One of our readers wrote and asked if the Bile predict the future arrival of a godly messiah. The following was my response.



I agree with Maimonides that there is no clear explicit statement in the entire Hebrew Bible about a miraculous messiah coming to save the Jews or, better stated, the world.  While some (even highly-respected rabbis) who need to believe (for many psychological reasons) that there are statements that can suggest the coming of a miraculous messiah, these statements refer to the future when there will be a human leader who will aid the people and lead them to a better life. The prophets are saying that the people should not despair. The future will be bright. But this future, says Maimonides in his Mishneh Torah, Law of Kings, chapters 11 and 12, will be a human and the messianic age will be a natural affair. The human leader will die like all humans. Life at the time will be like life now except that Jews who are now despairing will live in peace.


An example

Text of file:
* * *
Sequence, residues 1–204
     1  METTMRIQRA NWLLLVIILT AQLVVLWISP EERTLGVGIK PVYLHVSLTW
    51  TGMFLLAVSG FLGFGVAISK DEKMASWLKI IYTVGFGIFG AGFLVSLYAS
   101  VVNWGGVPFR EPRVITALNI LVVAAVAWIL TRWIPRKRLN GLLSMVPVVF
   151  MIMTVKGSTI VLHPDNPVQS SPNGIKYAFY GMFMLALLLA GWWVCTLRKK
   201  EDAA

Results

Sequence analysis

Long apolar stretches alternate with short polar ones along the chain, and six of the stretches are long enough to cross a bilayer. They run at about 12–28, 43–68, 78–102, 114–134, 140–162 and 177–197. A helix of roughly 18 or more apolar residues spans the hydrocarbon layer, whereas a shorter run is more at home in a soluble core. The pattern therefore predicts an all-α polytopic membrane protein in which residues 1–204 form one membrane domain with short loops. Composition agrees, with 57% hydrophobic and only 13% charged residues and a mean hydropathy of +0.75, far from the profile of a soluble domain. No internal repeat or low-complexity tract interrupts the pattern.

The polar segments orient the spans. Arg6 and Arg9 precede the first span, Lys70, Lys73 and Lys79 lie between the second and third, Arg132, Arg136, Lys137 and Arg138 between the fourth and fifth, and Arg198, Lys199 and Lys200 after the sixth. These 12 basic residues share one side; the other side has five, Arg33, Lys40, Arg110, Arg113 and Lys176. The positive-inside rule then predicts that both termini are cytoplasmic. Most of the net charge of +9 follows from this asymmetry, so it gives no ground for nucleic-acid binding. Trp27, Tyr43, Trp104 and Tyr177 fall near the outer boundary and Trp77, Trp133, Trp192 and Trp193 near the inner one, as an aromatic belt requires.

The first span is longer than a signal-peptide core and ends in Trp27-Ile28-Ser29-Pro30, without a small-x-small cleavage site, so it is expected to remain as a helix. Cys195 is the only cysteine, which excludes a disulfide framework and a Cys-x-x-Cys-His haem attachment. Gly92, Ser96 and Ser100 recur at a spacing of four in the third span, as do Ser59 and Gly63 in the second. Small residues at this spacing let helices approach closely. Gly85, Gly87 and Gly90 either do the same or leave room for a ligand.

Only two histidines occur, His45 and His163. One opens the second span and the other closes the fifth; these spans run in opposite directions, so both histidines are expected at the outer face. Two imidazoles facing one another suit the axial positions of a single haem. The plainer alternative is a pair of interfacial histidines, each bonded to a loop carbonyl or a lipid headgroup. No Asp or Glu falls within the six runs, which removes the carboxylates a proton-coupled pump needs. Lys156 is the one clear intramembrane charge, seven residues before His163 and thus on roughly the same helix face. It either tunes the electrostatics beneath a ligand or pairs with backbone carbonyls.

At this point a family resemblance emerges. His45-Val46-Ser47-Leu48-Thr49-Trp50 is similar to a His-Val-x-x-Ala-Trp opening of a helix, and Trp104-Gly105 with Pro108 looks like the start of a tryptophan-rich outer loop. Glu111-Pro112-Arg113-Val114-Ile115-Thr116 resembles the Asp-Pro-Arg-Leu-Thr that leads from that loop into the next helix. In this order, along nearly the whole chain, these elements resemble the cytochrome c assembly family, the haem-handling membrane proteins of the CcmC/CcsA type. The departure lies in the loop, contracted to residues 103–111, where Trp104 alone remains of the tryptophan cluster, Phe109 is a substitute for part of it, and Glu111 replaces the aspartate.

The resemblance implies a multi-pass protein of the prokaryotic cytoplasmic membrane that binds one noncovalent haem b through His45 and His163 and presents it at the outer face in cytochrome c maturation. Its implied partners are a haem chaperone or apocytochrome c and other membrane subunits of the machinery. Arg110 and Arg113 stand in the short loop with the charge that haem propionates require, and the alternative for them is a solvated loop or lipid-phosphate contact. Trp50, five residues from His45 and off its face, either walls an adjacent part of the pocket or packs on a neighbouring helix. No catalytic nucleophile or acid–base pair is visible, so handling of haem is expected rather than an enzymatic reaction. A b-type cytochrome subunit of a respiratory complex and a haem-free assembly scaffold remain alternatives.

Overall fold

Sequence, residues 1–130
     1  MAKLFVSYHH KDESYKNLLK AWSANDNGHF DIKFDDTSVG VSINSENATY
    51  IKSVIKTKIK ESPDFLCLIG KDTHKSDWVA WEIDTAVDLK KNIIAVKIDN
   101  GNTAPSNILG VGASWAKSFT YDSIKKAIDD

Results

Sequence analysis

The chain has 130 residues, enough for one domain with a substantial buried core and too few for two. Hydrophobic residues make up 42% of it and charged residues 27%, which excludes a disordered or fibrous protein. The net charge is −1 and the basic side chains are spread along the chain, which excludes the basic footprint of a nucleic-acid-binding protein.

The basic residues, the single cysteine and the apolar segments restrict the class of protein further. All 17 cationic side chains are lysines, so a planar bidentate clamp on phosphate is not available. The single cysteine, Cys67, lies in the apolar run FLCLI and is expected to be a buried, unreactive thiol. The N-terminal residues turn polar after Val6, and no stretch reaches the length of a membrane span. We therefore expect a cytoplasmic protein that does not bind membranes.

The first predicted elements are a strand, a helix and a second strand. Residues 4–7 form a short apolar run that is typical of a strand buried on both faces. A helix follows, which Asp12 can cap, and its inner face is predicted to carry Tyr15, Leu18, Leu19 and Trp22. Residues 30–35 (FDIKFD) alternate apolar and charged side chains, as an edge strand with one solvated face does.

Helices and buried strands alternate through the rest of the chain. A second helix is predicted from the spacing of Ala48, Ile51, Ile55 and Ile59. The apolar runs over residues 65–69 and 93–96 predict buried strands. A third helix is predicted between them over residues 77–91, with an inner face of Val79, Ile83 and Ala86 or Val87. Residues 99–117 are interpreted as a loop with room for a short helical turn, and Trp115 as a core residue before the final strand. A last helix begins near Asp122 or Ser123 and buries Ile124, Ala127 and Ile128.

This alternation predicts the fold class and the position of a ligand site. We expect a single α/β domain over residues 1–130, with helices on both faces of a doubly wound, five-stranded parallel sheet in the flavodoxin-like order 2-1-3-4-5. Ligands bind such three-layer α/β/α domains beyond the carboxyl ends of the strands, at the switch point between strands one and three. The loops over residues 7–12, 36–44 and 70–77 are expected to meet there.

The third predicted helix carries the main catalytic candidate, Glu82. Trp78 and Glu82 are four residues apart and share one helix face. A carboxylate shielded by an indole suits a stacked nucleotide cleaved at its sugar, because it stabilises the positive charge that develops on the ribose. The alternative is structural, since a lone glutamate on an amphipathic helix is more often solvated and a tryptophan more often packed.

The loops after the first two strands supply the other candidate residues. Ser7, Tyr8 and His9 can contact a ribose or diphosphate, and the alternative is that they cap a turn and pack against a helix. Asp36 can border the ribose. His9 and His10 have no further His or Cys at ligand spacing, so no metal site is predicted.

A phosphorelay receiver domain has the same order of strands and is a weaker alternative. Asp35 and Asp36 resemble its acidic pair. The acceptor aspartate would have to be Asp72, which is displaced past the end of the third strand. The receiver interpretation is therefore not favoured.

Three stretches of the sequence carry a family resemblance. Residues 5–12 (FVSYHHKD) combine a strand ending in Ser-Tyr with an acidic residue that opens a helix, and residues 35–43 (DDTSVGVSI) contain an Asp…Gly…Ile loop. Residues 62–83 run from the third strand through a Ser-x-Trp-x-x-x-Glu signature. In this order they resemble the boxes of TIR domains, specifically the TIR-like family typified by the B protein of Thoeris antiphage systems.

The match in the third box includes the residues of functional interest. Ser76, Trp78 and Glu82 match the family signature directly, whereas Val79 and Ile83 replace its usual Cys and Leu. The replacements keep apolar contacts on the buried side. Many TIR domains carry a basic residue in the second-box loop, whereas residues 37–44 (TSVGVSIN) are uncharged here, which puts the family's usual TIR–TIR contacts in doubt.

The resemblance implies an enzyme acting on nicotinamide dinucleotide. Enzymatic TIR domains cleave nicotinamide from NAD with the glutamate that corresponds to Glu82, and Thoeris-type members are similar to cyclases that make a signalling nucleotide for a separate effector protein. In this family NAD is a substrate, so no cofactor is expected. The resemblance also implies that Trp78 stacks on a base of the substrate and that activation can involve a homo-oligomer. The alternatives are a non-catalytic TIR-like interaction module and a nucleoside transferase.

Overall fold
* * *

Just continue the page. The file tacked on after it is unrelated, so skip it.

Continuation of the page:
A good example of what I am saying is an act by Maimonides. The Jewish people of Yemen were suffering greatly from how the country and its citizens treated them. They wrote to Maimonides for help. Upon receiving the letter, Maimonides worried greatly about the Yemenite Jews. He wrote back telling them a lie, what he elsewhere called an “essential truth,” what the Greek philosopher Plato called a “noble lie,” one that the people needed to believe to be able to live without fear. While he did not believe in a miraculous messiah and even wrote so explicitly, he told them that one will appear and that he even knew the date of the arrival. The Yemenite Jews felt good about his reply, so much so that they inserted into their kaddish prayer a prayer for Maimonides, which the Yemenite Jews still remember today. There were many ancient rabbis who acted as “The Great Eagle” Maimonides (and used the noble lie as Plato and ibn Tufayl and many other philosophers) did, and told their co-religionists that someone will come and save them from their despair; it will be “miraculous,” and they will thereafter live a wonderful life.